Starting with good-quality well-made boots is a good place to begin. At least then you know any moisture isn’t coming in from cracks or holes in your shoes.

Gore-tex boots often need their outer layer of repellent replaced every once in a while- both to keep your feet feeling protected but it’s also recommended to prolong the life of your boots.

This simply requires you to purchase a good quality Durable Waterproof Repellent coating (or DWR) and spray evenly over your clean gore-tex shoes every few months or more often if you use them daily. 

How Do I Waterproof Leather Hiking Boots?

Leather is a hardy shoe material that is often used in outdoor boots. Whilst leather is an incredibly durable and well-loved hiking boot material, it’s essential to give your leathers some love if you want them to stand the test of time.

Because there is a lot of natural oils in the leather (it is animal skin after all), when leather gets soaked through with water, the natural oils bond with the water molecules. As the water dries out, it takes these oils with it, leaving your leathers dry and brittle- subject to cracking and tearing.

It is recommended to seal your leathers to save them from drying and cracking. Many wearers will treat their leather boots with a special treatment to give their boots a waxy coating (usually mink oil, beeswax, or another grease-based thick water repeller).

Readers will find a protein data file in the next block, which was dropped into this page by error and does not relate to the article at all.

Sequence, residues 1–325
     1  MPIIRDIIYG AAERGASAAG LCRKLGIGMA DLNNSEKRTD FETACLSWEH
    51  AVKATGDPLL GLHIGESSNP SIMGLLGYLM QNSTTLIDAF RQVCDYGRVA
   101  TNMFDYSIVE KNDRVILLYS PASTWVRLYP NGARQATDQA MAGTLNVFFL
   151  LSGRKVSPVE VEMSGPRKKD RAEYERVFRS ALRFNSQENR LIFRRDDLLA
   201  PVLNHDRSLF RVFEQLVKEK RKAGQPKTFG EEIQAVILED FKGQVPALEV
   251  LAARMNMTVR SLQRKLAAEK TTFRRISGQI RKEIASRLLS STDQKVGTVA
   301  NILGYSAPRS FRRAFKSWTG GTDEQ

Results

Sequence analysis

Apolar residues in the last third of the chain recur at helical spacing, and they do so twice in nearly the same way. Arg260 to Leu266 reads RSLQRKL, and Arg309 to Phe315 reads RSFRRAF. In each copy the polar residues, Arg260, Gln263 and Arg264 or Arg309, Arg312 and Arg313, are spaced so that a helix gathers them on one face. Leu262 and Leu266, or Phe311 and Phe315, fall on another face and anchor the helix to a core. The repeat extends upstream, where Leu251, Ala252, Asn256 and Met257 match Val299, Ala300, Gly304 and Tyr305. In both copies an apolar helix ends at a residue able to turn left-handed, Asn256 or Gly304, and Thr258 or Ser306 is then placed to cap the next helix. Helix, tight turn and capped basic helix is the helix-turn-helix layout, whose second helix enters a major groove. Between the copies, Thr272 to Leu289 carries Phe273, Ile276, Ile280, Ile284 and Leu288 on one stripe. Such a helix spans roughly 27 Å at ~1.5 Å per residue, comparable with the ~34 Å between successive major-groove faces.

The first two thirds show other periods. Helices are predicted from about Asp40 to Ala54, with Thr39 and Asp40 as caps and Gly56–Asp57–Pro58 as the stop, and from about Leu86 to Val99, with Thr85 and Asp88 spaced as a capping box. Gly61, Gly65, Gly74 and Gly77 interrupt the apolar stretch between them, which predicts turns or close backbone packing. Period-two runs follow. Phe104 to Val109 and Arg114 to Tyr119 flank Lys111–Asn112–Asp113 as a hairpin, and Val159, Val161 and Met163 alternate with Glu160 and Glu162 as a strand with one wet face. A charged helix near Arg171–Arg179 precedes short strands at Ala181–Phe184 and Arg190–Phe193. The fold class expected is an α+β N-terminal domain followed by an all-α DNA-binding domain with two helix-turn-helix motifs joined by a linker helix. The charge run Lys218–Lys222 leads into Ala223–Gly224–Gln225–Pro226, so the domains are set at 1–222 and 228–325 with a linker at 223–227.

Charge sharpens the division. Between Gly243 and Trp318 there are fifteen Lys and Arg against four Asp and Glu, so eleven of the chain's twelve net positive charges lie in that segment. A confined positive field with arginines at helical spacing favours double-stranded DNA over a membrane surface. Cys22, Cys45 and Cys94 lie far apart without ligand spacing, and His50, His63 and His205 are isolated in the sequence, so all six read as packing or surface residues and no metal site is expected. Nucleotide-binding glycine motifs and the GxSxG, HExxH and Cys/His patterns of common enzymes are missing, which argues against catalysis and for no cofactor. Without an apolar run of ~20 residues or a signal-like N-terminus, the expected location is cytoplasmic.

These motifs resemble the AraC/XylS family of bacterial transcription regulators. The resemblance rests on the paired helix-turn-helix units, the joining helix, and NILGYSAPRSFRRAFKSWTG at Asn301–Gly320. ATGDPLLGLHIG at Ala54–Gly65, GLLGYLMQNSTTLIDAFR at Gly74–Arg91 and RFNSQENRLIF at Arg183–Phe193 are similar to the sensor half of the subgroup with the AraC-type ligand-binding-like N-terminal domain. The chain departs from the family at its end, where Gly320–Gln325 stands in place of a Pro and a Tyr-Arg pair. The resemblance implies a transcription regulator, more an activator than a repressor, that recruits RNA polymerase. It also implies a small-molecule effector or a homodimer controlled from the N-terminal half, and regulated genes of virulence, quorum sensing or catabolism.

Simply clean your boots thoroughly, dry them and apply a thin, even layer of product over your boots. Some recommend additional layers once dried. Not only will this add protection to your boot, but it’ll also leave them looking soft, shiny, and sparkly. 

Waterproof, Water Resistant and Water Repellent

You might think these terms are interchangeable but in fact, they do mean slightly different things. It is important to have a grasp of these terms so you know what to look for in a hiking boot and what’s being sold to you.

It’s a pretty safe bet going for anything with Gore-tex or another well-known technology layer to give you a good level of waterproofing, though of course there are limits.

Anything labeling themselves as water-resistant are usually a step below waterproof—they can resist a bit of rain, but probably will let through any heavier than that. Anything labeled as water repellent indicates it’s probably just got a DWR sprayed on the uppers and this will certainly wear off over time.

Are Waterproof Hiking Boots Worth it?

Again, it depends on what you’re using it for. There’s no reason to carry extra bulky or expensive waterproof boots around if you’re out hiking in desert terrain or where there is little moisture- in fact having bulky boots could just be a hindrance.

Your best bet is a light breathable shoe that’s going to help evaporate sweat and give you more comfort. However, if you know you’re going to be going through shallow streams, cold, damp terrain, or through heavy rain, you’ll want to keep your feet dry for as long as you can and a hardy waterproofed leather is going to be a great choice for endurance and comfort.